Immigration and schooling in the Republic of Ireland – making a difference? │Devine, D; (2011)│Manchester: Manchester University Press

This book provides an overview of how immigration has impacted on the education system in Ireland. It does so within the context of a broader critique and analysis of policy related to diversity in Irish education since the foundaton of the state, and considers how the structure and functioning of the education system has set the context for responses to migrant children in primary and post-primary schools.  Grounded in a theoretical approach that draws on the work of Bourdieu and Foucaullt, the book details the  significance of responses and perspectives of principals, teachers, parents and children to education in newly multi-ethnic contexts, and the complex inter-weaving of class, gender and ethnici identities  to the perspectives taken.   Themes related to leadership and teaching for diversity, power and governance, the fostering of a deliberative democracy in schools are critically explored in the context of broader  trends of transnational migration and  the marketisation of education among globally competitive states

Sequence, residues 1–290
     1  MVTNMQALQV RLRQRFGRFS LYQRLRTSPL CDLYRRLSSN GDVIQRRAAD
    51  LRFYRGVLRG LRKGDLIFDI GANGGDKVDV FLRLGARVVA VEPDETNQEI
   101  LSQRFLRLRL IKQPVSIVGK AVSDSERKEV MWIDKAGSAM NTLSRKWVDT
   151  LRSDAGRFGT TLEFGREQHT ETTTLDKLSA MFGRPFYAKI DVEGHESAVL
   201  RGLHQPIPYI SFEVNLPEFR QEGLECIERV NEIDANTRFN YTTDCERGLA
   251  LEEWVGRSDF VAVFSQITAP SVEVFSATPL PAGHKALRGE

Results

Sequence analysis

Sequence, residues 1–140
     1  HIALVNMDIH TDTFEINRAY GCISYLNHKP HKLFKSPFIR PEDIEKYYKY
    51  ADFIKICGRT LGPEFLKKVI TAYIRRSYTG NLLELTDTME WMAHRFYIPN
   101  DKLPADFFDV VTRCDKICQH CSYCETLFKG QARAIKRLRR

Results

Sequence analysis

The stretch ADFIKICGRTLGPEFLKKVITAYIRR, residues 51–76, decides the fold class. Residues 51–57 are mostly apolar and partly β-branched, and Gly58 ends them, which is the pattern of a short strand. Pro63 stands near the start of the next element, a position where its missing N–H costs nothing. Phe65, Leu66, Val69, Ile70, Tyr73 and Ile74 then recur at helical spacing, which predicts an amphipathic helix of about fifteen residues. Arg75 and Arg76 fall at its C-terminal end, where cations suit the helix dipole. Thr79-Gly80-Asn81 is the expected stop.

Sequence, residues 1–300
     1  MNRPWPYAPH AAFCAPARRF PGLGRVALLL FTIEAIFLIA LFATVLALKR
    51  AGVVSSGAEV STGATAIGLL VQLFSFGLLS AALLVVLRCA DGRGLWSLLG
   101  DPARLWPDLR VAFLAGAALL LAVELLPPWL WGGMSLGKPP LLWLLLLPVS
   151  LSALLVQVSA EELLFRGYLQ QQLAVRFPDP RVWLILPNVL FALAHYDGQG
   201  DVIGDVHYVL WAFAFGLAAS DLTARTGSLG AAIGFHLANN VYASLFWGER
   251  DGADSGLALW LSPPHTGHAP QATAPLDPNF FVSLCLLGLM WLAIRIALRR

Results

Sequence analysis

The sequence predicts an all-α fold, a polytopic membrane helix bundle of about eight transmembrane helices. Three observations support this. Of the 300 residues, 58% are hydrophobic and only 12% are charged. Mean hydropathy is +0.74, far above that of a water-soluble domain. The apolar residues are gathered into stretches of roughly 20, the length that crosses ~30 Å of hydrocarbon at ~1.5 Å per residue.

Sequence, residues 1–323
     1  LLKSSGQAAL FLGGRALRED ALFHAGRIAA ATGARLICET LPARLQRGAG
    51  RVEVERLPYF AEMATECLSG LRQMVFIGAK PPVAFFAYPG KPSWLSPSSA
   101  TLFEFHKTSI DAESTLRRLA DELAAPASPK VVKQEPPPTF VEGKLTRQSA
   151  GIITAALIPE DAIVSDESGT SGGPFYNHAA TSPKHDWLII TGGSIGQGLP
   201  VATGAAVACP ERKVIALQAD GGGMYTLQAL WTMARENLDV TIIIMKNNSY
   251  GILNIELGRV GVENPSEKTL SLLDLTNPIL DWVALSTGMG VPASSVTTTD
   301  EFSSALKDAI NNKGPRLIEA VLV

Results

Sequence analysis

The Changing Faces of Ireland: Exploring the Lives of Immigrant and Ethnic Minority Children│Darmody, M. Tyrrell, N. and Song, S. 2011│Sense: Rotterdam

Despite the increased number of ethnically-diverse immigrant children and young people in the Ireland, currently there is a paucity of information about aspects of their lives in Ireland. This book is aimed at contributing to this gap in knowledge. This edited collection will be of interest to researchers in the fields of migration studies, childhood studies, education studies, human geography, sociology, applied social studies, social work, health studies and psychology. It will also be a useful resource to educators, social workers, youth workers and community members working with (or preparing to work with) children with immigrant and ethnic minority backgrounds in Ireland.

Higher Education and Children in Immigrant Families│Paper released by Sandy Baum a professor of economics, emerita, at Skidmore College. and Stella M. Flores an assistant professor of public policy and higher education at Vanderbilt University.

The increasing role that immigrants and their children, especially those from Latin America, are playing in American society, Sandy Baum and Stella Flores argue, makes it essential that as many young newcomers as possible enroll and succeed in postsecondary education.

Immigrant youths from some countries find the doors to the nation’s colleges wide open. But other groups, such as those from Latin America, Laos, and Cambodia, often fail to get a post-secondary education. Immigration status itself is not a hindrance. The characteristics of the immigrants, such as their country of origin, race, and parental socioeconomic status, in addition to the communities, schools, and legal barriers that greet them in the United States, explain most of that variation.